How Others Have Made Cities More Vibrant in Winter

Many cities around the world offer inspiring examples of how creative Placemaking allows people to enjoy public spaces and lively city streets in winter.

• Quebec City, famed for its winter carnival and street vendors selling hot bread, is a prime example of making winter into an asset.

• Same for the Canadian capital of Ottawa, where the Rideau Canal becomes the focal point of civic life in the winter as folks strap on their blades for a chance to skate through a wintry landscape rather than just making circles around a rink or pond. People even commute to work that way.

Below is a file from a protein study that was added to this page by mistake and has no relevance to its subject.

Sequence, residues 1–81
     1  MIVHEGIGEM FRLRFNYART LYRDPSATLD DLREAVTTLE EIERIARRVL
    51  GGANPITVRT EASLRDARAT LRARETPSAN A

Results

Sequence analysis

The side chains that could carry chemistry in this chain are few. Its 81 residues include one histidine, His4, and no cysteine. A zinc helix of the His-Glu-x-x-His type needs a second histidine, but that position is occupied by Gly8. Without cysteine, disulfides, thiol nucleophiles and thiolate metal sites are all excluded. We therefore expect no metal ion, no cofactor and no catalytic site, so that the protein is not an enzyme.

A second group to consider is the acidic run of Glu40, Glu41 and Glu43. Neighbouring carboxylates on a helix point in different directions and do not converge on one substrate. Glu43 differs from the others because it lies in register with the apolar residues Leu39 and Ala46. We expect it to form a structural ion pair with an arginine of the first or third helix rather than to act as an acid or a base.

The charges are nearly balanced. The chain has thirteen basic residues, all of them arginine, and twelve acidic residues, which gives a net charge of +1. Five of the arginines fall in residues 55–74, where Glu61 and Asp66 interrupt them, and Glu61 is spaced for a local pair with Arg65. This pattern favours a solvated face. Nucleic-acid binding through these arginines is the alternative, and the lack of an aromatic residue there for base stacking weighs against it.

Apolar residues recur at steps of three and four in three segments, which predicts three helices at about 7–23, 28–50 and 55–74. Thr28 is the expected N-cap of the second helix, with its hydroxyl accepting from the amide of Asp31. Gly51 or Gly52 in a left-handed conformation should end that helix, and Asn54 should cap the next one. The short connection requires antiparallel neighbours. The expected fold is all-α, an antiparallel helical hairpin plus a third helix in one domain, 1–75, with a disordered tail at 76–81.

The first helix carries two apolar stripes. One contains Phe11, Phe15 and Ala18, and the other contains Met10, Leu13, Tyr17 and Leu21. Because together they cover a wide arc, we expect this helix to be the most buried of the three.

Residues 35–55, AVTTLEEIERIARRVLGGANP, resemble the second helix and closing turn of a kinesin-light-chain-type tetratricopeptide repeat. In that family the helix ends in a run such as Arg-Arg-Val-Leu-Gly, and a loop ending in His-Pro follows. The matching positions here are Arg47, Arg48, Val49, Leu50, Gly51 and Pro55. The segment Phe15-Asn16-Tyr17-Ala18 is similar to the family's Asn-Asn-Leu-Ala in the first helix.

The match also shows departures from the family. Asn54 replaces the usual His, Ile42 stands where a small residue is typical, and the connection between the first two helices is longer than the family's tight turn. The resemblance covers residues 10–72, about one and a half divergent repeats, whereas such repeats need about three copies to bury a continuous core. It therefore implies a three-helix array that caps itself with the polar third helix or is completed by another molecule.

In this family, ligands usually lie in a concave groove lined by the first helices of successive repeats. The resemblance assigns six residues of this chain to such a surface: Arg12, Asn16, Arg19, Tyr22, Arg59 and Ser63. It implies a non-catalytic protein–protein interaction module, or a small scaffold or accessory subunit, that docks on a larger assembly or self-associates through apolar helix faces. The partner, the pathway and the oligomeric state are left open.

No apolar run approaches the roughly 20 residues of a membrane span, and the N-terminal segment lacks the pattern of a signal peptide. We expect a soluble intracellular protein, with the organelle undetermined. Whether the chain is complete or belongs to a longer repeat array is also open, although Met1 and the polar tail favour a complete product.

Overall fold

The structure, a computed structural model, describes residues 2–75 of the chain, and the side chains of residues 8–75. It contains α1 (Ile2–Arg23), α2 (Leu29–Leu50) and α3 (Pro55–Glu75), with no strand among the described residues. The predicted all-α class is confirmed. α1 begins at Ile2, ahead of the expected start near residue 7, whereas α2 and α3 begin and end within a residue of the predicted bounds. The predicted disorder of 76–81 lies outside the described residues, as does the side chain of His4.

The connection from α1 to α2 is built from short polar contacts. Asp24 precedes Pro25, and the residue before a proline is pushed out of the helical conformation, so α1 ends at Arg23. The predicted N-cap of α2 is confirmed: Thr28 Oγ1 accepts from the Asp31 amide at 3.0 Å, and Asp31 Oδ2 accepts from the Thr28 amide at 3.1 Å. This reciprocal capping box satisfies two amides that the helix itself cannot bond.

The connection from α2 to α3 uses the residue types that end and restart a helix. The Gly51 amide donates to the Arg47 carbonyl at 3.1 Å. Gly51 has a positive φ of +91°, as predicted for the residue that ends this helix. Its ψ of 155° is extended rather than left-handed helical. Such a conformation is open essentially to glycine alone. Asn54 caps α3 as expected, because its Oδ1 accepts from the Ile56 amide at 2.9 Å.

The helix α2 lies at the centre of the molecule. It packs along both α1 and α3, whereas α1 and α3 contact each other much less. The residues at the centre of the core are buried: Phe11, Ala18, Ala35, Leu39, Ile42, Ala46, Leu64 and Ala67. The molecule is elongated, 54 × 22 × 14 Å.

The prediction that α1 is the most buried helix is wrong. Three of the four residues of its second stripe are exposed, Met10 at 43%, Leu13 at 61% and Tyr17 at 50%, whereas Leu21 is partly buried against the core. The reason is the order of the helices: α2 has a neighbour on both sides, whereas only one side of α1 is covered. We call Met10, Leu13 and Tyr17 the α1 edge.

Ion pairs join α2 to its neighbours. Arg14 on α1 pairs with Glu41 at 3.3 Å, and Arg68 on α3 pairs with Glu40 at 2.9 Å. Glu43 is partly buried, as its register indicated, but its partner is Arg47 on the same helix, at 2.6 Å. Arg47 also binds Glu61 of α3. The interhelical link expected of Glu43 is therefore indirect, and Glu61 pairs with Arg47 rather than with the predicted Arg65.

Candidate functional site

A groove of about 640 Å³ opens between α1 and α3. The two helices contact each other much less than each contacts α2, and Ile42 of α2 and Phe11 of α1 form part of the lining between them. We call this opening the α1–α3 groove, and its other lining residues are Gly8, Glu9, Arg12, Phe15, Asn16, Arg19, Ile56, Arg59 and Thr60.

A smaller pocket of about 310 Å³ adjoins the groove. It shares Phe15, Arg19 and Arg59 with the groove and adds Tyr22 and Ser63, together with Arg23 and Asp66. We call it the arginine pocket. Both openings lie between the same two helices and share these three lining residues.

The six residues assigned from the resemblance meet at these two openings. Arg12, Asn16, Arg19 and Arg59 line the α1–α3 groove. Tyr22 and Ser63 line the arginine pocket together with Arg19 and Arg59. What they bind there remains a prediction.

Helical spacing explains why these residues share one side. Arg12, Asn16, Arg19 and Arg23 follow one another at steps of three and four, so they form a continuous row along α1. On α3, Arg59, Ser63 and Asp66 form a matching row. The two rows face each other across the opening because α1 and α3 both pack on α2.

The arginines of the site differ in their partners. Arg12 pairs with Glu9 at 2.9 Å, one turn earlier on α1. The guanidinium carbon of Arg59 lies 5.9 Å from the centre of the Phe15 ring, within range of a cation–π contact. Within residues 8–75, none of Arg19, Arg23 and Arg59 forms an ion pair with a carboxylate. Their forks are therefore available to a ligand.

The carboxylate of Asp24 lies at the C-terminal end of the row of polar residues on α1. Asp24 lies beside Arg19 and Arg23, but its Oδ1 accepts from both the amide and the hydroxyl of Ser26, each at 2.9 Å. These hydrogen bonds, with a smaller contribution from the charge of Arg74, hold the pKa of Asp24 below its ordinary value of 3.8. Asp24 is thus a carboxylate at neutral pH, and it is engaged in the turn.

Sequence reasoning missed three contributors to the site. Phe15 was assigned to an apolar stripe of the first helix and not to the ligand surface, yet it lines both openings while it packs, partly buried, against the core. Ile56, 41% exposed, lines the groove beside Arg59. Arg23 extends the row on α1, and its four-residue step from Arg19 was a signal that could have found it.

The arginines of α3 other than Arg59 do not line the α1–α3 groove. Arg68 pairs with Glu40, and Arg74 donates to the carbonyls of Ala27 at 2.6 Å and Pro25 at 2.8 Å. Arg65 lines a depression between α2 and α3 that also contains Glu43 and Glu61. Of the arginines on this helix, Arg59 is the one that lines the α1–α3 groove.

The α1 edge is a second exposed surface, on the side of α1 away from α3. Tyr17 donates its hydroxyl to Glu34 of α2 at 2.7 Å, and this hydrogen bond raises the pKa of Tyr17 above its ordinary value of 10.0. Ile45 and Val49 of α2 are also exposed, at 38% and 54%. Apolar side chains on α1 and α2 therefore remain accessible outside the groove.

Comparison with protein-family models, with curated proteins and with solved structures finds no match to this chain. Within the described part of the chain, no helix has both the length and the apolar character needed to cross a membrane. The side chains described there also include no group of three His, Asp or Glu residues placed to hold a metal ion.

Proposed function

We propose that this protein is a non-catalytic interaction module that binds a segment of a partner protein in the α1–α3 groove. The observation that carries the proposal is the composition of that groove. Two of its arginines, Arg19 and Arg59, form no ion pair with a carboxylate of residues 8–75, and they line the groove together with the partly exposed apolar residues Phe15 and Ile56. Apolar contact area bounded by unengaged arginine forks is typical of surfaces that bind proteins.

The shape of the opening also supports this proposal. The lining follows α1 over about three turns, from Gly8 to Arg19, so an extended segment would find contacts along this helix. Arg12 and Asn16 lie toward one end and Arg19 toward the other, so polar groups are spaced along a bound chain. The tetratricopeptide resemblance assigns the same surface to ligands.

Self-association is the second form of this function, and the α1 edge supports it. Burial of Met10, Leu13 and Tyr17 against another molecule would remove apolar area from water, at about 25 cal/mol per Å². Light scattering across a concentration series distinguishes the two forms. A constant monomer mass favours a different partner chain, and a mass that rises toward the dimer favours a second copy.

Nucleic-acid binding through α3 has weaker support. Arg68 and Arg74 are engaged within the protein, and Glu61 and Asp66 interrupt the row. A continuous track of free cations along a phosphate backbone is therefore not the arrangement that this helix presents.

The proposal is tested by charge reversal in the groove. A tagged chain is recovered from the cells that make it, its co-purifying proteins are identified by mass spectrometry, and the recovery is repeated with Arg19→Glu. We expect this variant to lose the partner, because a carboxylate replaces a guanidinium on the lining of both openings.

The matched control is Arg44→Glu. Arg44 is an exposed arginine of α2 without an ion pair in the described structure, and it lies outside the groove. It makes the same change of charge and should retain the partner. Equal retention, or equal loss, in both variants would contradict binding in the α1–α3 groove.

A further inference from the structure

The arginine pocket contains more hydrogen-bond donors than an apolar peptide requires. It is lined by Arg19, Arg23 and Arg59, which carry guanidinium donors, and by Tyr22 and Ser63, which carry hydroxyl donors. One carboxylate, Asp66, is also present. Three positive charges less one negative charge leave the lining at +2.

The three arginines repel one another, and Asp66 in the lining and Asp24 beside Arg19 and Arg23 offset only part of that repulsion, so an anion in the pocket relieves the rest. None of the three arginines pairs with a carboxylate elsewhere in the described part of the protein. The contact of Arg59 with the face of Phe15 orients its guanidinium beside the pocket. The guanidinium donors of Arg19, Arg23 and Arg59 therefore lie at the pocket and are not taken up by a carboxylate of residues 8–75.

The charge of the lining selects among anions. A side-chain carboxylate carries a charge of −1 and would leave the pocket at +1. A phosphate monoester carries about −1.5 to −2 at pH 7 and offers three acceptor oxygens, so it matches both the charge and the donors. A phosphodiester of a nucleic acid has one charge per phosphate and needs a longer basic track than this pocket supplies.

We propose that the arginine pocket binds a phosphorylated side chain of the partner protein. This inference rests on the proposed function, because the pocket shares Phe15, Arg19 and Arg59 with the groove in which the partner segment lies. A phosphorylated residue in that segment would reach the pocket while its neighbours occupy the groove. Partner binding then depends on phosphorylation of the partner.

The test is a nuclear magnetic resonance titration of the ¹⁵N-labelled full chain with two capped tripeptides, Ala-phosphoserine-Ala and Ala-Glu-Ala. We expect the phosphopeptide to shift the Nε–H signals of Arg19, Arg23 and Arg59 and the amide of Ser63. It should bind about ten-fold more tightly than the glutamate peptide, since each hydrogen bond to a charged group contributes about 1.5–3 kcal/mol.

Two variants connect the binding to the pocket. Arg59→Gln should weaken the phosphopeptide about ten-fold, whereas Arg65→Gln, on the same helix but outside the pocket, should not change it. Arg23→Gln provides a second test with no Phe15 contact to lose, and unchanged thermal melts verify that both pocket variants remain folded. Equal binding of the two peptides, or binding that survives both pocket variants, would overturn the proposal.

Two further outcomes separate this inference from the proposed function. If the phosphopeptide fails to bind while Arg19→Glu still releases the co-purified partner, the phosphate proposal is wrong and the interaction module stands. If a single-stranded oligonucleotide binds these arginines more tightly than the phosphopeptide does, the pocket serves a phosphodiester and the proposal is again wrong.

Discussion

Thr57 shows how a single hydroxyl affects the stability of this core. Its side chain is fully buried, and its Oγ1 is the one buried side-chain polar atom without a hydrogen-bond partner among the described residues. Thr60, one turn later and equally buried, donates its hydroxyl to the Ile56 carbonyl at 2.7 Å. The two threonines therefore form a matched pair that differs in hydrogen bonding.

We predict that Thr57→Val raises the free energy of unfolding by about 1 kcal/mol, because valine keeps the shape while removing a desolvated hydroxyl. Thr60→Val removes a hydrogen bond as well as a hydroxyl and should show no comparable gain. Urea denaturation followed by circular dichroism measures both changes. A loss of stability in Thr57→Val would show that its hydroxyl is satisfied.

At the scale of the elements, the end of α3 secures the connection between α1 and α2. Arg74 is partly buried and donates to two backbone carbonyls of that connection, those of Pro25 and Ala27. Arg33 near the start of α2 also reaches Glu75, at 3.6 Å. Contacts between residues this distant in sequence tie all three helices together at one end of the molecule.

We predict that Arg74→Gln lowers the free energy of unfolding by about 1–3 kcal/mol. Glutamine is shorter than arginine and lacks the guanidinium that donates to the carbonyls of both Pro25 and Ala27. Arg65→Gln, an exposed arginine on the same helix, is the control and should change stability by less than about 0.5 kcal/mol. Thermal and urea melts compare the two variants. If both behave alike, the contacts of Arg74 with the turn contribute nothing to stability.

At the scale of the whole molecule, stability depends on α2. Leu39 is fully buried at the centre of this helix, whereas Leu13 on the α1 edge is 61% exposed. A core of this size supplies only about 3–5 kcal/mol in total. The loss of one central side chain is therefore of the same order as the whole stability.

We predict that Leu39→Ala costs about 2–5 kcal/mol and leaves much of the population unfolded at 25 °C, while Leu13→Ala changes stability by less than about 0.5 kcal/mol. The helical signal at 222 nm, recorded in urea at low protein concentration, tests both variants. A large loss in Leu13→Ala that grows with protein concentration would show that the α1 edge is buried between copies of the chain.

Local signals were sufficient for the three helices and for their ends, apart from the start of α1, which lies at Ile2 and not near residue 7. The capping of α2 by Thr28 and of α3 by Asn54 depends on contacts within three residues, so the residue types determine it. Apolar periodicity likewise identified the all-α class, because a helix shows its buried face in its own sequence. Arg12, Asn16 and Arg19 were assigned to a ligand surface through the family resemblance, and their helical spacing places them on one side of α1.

• The Toronto suburb of Mississauga fashioned a long-distance skating course by flooding a walking trail.

• New York stands out among American cities. Rockefeller Center is famous for its ice rink, which becomes the beloved heart of Midtown Manhattan by attracting a handful of skaters and the crowds of onlookers who love to watch them glide back and forth.

• Large European cities keep their street markets open up to Christmas, taking on a holiday theme (with tree growers, artisans, hot beverages, chili, toasted sandwiches, etc.). This has spread to many large markets in the U.S., as well.

• St. Paul, Dartmouth, and Quebec City are known for their amazing winter carnivals or festivals, each lasting more than a week.

• Paris and Edinburgh are the beacons of the creative use of light in business districts, public squares, and key gathering points.